Survey says Australian companies adopting multi-cloud more likely to pay ransom

The Veritas survey also showed companies that invested in security during the COVID-19 pandemic are reaping the rewards.

A new survey has revealed Australian organisations that operate multi-cloud infrastructures run a greater risk of being exposed to a ransomware attack and are more likely to pay hackers to retrieve their data in the event of one.

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Veritas revealed in its Australian report of its 2020 Global Ransomware Resiliency Report [PDF] that only 43% of the Australian respondents said their security has kept pace with the growing complexity of their IT environment.

According to the report, some 57% of Australian organisations run a multi-cloud environment and use between 15-20 cloud services. It indicated that 33% of organisations with more than 20 clouds paid a ransom in full, compared to the 19% of businesses with fewer than five clouds that did the same.

At the same time, the average number of clouds deployed by organisations who partly paid a ransom was 11.47, versus 6.17 for businesses who did not pay at all.

The survey -- which was conducted in September 2020 and includes responses from 150 Australians senior IT executives from companies of 1,000 employees or more – also showed that a business with complex cloud architectures was likely to hinder how quickly they recover from a ransomware attack.

While 41% of those businesses with fewer than five cloud providers in their infrastructure saw their operations disrupted by less than one day, 67% with over 20 clouds took five to 10 days to get back on track.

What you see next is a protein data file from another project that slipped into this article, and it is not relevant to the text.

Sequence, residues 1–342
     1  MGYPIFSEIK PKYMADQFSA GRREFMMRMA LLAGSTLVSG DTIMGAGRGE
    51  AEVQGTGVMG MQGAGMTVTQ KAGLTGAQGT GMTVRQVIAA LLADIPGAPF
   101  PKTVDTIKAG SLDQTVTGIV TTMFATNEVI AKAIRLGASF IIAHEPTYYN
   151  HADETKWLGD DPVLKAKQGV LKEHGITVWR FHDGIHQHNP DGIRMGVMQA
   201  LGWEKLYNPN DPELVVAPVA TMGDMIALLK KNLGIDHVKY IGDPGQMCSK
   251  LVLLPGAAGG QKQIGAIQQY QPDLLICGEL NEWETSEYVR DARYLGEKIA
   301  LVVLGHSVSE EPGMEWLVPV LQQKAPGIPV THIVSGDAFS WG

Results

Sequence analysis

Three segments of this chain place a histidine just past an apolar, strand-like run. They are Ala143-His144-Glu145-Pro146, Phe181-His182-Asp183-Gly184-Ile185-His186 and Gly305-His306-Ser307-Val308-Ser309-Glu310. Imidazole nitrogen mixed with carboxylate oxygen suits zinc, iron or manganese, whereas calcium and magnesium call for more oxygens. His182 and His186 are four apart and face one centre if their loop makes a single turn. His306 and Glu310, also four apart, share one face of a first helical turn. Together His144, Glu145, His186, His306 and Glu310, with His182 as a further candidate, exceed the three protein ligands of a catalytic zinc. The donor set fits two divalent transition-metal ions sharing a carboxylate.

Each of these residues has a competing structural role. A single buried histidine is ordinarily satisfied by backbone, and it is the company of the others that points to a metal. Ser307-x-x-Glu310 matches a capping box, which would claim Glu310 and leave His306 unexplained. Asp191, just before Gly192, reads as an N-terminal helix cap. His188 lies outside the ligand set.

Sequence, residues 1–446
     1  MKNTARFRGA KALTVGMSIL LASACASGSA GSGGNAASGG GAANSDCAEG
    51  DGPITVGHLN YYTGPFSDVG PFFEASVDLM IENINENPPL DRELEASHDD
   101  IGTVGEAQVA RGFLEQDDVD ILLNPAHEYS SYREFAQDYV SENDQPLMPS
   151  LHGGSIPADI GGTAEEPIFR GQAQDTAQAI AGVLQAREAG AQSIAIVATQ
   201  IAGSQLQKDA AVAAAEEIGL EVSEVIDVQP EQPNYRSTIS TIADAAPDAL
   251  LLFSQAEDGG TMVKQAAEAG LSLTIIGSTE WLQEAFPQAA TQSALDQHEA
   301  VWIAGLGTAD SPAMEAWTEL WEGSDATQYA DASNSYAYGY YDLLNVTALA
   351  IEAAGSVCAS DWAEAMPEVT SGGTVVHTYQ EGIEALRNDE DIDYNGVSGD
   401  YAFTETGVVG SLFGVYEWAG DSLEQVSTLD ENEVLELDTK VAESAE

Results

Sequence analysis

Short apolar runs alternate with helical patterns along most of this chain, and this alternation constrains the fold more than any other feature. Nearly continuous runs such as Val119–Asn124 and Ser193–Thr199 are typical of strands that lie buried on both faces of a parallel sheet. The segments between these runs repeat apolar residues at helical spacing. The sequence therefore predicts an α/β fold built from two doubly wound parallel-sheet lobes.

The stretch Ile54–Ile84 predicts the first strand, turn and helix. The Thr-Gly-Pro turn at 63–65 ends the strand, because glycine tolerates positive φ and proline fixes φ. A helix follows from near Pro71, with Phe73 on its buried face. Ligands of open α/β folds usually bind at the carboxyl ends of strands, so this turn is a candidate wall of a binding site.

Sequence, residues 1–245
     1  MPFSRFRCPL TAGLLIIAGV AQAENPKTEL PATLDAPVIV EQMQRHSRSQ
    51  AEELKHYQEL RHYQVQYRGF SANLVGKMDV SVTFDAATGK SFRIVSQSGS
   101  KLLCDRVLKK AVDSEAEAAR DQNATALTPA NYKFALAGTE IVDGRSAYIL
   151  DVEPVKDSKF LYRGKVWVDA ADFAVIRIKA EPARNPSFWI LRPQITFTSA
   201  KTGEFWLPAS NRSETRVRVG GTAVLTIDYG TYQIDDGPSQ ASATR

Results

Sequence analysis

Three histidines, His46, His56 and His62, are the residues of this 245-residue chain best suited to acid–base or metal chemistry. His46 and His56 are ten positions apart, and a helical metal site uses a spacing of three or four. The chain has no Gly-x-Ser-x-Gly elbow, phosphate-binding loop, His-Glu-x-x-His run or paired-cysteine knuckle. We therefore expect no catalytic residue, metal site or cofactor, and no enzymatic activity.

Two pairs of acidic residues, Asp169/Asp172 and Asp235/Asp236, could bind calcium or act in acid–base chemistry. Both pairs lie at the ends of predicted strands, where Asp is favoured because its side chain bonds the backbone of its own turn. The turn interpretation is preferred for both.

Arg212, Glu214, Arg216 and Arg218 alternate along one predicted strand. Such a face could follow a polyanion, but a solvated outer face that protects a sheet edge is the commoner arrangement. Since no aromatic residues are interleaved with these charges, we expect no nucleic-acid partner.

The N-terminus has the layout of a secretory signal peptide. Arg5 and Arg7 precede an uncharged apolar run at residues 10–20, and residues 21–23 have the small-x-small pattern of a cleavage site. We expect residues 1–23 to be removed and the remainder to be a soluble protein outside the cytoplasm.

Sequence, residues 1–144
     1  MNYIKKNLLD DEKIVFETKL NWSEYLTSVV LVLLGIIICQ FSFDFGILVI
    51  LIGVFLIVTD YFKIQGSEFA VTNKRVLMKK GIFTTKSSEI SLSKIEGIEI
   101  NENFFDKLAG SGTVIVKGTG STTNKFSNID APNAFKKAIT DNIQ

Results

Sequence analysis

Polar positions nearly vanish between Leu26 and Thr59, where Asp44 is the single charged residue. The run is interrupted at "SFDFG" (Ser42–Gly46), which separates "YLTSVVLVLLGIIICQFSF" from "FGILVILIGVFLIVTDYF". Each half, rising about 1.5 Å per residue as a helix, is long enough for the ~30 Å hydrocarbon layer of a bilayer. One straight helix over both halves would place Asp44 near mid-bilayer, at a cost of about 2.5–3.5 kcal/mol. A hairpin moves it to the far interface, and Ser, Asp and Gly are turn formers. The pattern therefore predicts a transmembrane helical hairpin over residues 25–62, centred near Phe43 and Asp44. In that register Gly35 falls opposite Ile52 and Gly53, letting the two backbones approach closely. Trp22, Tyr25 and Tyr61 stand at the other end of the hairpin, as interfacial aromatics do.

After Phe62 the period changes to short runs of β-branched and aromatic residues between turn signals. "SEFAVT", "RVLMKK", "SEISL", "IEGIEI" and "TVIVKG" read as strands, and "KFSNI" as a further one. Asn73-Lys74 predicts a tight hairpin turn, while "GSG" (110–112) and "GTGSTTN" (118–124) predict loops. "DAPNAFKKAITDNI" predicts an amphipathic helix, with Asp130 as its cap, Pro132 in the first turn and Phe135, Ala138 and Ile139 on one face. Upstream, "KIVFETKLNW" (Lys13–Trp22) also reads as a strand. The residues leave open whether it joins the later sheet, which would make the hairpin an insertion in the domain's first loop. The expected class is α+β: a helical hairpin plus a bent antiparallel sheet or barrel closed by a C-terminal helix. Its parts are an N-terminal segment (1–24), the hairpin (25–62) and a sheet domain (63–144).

Read also: Why ransomware has become such a huge problem for businesses (TechRepublic)

"We're seeing a lag between the rapid expansion of the threat surface that comes with increased multi-cloud adoption, and the deployment of data protection solutions needed to secure them," Veritas Technologies managing director Howard Fyffe said.

"Our research shows that Essential Eight compliance is critical. Fortunately, some businesses are investing to close that resiliency gap -- but unless this is done at greater speed companies will remain vulnerable."

On the point of investment, over half of Australian businesses shared that they had increased their security budget due to the COVID-19 pandemic, with Veritas noting that those that did boost their security investment were able to restore their data faster.

For instance, the company pointed to how 53% of Australian IT executives said they had spent more on security since the pandemic and were able to restore 90% or more of their data, compared with just 43% of those spending less. 

Nonetheless, the results suggest that there is more to be done though, with the average business being able to restore only 82% of its data, Veritas said.

When it came to examining what data protection tools were implemented, the top ones were installing security and behavioural analytical tools, anti-virus software and endpoint security, and backup up data.

Despite Australian organisations continuing to be at risk of ransomware attacks when this is compared on a global basis, they are still better off. Australian organisations had been hit by 1.14 ransomware attacks, which is below the global average of 1.87.

Need to disclose a breach? Read this: Notifiable Data Breaches scheme: Getting ready to disclose a data breach in Australia  

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